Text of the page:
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LIP: 0009
Title: Mitigate transaction replay on different chains
Author: Manu Nelamane Siddalingegowda <manu@lightcurve.io>
        Iker Alustiza <iker@lightcurve.io>
Discussions-To: https://lists.lisk.io/pipermail/lips_lists.lisk.io/2018-November/000002.html
Status: Draft
Type: Standards Track
Module: Block, Transactions
Created: 2018-10-16
Updated: 2019-01-17

Abstract

This LIP proposes to mitigate transaction replay on different chains by introducing a network identifier as a constitutive component of the signature of a transaction.

Copyright

This LIP is licensed under the GNU General Public License, version 3.

Motivation

Currently, transactions included in a blockchain on the Lisk platform can be replayed on other chains. For example, transactions sent on Testnet can be replayed on Mainnet, and the problem is likely to be exacerbated by the introduction of sidechains into this system. Current mitigation methods include (1) discouraging passphrase reuse across blockchains, and (2) encouraging registration of distinct second passphrases on distinct blockchains in situations where (1) is not feasible. However, one of the touted advantages of the Lisk platform is the ability to reuse passphrases on multiple blockchains, including the mainchain and sidechains, which conflicts with this strategy.

Rationale

This LIP proposes to include a network identifier as a constitutive component of the signature of a transaction. This network identifier will be a hash of the concatenation of the blockchain’s nethash, a community identifier, as well as a version relating to that community identifier. The combination of these three components is intended to be unique and honest actors should conform to that requirement.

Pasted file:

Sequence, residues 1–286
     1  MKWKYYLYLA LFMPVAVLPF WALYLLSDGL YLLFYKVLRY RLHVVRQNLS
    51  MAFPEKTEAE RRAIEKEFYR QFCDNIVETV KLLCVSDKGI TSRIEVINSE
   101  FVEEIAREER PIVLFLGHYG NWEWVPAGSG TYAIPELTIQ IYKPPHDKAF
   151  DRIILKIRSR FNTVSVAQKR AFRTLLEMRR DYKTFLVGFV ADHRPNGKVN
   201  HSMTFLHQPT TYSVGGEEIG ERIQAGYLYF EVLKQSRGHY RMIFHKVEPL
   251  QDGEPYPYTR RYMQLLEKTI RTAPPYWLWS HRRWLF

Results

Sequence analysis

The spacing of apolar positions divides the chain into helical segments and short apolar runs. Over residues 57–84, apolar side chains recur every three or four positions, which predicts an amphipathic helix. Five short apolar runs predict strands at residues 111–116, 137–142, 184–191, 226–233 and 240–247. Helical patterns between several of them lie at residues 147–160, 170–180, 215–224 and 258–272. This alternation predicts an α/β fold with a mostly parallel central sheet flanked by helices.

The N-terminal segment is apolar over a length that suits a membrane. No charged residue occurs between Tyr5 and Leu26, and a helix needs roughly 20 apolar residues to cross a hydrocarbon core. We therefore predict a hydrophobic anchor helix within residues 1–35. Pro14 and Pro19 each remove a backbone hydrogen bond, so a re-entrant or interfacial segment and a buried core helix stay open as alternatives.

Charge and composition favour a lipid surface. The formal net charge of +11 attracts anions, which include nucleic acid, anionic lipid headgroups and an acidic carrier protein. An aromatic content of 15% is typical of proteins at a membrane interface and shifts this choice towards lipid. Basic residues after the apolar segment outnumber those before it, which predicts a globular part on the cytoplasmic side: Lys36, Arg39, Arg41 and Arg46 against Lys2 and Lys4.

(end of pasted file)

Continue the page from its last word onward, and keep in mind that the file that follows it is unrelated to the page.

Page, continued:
This proposal avoids transaction replay attacks from any existing blockchain to Lisk Mainnet or Testnet (and between each other). Adding the network identifier in the signature function will make the signature only valid for the specific network.

Moreover, in an ecosystem with sidechains implemented, each sidechain will have a unique network identifier to mitigate transaction replays across different chains. However, the situation will be more complex in this case since a malicious sidechain developer could copy the unique identifier from Mainnet or another sidechain and try to replay a transaction from its own sidechain on that original chain. The sidechain user, who calls the signature function, should check what will be exactly signed in the transaction object, including the network identifier. Note that the question of which fields are present on the object that is used as the input for this function is different to the question of what information is transmitted over a network or stored in a database, where this identifier may be omitted for reasons of efficiency/scalability.

With a general and well defined signature process for the whole Lisk ecosystem, we could (strongly) recommend that sidechains use the functions implemented in Lisk Elements (or at least functions that meet this specification), removing the opportunity for a sidechain developer to provide a malicious signature function. Users (or third party clients) would be free to use Lisk Elements (or equivalent third-party tools) directly when signing transaction objects, and their suspicions should be raised if the sidechain protocol does not allow this.

Specification

As introduced in the previous section, the network identifier will be constructed as follows:

network identifier = H(nethash + community identifier + version)

Where:

  • H() - The cryptographic hash function SHA3-256. Refer to Appendix A for details about this hashing function and its implementation.